- Exploring Mental Models for Application in Networking Applications, Telephony and Environments


Guidelines --> Discussion

The theory behind these guidelines is conceptual design. Conceptual design is a design philosophy based on the belief that people have mental models of the world, and that they use their mental models as the basis of their interaction with the world around them. Some people have a mental model of they layout of their local supermarket, which means that they know roughly where in the store to go for the milk, bread etc. Other people don't, which means that they will have to walk up and down the aisles until they find what they are looking for. People with good mental models of their local supermarket are likely to be far more effective when going shopping than people without appropriate mental models of the store.

Mental models also apply to software. Users who have appropriate mental models (or users' models) of the application they are using, will be able to use the application far more effectively than if their users' models are flawed, patchy or non-existent. Users form their users' models on the basis of what they already know and the parts of the application they come into contact with, the system image (screen design, manuals, error messages, built-in help etc.). If, for example, a user has been using Netscape Communicator for a number of years, and decides to switch to Internet Explorer, s/he will be looking for the functionality s/he is used to from Netscape in Internet Explorer. That user's model of a Web browser will be shaped by his/her previous experience with Netscape.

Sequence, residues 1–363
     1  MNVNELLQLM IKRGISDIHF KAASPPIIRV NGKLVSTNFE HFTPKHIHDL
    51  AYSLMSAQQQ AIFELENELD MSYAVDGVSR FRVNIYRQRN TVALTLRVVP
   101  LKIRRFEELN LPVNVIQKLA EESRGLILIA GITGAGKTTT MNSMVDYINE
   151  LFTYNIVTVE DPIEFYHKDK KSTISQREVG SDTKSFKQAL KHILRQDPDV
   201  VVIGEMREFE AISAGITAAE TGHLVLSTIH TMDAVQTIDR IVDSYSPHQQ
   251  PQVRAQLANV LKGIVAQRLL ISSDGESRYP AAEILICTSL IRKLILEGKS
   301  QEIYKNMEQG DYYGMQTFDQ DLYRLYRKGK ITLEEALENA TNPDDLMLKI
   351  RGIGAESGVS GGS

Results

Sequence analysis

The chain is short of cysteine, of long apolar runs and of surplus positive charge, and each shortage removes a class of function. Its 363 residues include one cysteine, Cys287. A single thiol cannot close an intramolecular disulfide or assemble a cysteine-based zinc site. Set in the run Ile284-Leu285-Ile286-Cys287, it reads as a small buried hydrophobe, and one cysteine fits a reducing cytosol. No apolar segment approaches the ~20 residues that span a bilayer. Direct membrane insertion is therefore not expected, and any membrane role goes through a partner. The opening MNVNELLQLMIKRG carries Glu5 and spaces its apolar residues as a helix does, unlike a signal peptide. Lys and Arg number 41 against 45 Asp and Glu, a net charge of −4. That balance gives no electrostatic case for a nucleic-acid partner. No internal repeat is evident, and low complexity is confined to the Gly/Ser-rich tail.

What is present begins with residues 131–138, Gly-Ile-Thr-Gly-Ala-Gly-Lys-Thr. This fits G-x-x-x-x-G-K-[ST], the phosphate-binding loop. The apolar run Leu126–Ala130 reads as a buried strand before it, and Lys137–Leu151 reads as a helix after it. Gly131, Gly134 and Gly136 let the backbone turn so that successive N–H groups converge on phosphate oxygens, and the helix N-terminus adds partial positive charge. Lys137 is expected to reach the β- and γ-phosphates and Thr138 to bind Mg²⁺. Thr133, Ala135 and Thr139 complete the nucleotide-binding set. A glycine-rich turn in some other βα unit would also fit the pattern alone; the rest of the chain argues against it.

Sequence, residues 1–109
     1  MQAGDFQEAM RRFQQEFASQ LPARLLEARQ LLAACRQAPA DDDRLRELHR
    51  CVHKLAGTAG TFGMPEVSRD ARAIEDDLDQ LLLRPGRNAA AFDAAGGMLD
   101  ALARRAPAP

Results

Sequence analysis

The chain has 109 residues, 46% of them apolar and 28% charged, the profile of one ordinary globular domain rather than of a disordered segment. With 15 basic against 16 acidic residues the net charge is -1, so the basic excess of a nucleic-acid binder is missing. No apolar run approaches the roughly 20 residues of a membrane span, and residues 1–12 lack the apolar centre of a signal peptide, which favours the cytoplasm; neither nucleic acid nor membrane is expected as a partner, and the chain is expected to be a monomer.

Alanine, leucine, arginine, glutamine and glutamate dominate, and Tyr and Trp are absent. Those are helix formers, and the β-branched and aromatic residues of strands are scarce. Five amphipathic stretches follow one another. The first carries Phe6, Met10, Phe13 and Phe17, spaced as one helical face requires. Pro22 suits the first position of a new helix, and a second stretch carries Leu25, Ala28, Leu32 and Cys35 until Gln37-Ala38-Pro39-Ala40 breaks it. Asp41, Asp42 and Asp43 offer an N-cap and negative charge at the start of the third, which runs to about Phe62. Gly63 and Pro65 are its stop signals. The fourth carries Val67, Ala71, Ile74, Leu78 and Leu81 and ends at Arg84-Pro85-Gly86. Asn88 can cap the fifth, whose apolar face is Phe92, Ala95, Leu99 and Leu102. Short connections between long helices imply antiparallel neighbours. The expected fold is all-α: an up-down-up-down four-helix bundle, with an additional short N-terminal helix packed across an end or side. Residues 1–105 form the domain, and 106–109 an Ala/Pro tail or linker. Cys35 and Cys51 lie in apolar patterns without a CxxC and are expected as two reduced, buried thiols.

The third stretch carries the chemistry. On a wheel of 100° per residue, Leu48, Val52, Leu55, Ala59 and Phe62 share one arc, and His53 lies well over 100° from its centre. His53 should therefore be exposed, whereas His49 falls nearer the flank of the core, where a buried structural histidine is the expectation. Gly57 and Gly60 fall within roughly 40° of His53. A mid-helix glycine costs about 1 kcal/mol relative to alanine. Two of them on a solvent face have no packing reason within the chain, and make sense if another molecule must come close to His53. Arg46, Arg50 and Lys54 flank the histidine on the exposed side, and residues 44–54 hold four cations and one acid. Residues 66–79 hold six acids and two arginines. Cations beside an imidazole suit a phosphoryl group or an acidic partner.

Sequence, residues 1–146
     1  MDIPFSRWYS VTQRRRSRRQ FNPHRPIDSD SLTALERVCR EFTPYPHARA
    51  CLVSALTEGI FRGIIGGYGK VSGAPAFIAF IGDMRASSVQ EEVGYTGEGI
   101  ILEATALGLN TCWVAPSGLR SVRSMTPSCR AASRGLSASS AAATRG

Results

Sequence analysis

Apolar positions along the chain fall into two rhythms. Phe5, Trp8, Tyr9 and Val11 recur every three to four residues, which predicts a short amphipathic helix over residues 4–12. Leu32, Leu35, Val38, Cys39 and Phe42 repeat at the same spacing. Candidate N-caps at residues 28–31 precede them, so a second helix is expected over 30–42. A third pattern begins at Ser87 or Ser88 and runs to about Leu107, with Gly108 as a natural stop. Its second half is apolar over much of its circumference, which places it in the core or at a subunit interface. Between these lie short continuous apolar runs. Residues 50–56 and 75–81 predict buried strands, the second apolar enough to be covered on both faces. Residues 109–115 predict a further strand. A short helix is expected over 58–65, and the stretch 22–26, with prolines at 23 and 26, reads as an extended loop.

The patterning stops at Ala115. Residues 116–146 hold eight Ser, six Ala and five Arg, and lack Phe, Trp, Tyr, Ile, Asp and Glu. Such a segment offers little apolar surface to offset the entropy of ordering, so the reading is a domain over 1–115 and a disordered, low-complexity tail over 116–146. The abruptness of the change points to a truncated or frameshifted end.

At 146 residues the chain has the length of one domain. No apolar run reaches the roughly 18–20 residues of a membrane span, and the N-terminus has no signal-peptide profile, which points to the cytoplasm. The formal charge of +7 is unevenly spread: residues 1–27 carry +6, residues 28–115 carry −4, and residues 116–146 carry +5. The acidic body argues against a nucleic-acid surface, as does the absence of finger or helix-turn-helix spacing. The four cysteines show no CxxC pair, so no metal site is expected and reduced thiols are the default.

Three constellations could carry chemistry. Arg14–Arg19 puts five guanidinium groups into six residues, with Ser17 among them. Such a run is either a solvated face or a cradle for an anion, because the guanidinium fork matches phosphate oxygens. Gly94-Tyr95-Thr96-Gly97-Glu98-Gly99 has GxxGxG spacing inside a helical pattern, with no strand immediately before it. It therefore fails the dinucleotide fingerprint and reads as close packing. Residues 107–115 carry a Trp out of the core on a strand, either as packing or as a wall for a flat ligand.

Generally, a user does not need to have a user's model of how the application is implemented in order to use an application effectively. On the contrary - usability literature generally urge to design the system image to support the user's task. However, networked applications are a different matter. When using a volative distributed system with shared resources such as the Internet, it can be hugely beneficial to the network community and the user alike if the user has a simple user's model of how the underlying network works. This will help prevent wasted resources in terms of:

  1. Human resources, because users who are uncertain of basic Web browser behaviour are less likely to make full use of the Web in terms of e-commerce etc.
  2. Network resources, because users may inadvertently make a breakdown situation worse by an inappropriate recovery action.
  3. Financial resources, because of the cost of running customer helpdesks, and lack of revenue for e-commerce businesses.
These guidelines are based on the belief that communicating a simple model of the network in networked applications is necessary in order that the network is used effectively by everybody.

Last changed by L.Sheeran@cs.ucl.ac.uk on 30 August 2000